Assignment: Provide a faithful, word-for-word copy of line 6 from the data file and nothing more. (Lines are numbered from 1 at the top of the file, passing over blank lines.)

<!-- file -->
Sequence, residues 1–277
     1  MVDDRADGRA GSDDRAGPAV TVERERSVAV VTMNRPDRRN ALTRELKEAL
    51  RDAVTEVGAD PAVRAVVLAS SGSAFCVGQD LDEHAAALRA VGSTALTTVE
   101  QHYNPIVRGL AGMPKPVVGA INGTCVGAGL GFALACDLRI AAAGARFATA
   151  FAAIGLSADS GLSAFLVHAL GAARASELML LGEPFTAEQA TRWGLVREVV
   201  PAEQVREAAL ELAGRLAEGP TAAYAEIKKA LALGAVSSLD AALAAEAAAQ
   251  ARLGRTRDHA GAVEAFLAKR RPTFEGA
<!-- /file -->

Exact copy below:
   201  PAEQVREAAL ELAGRLAEGP TAAYAEIKKA LALGAVSSLD AALAAEAAAQ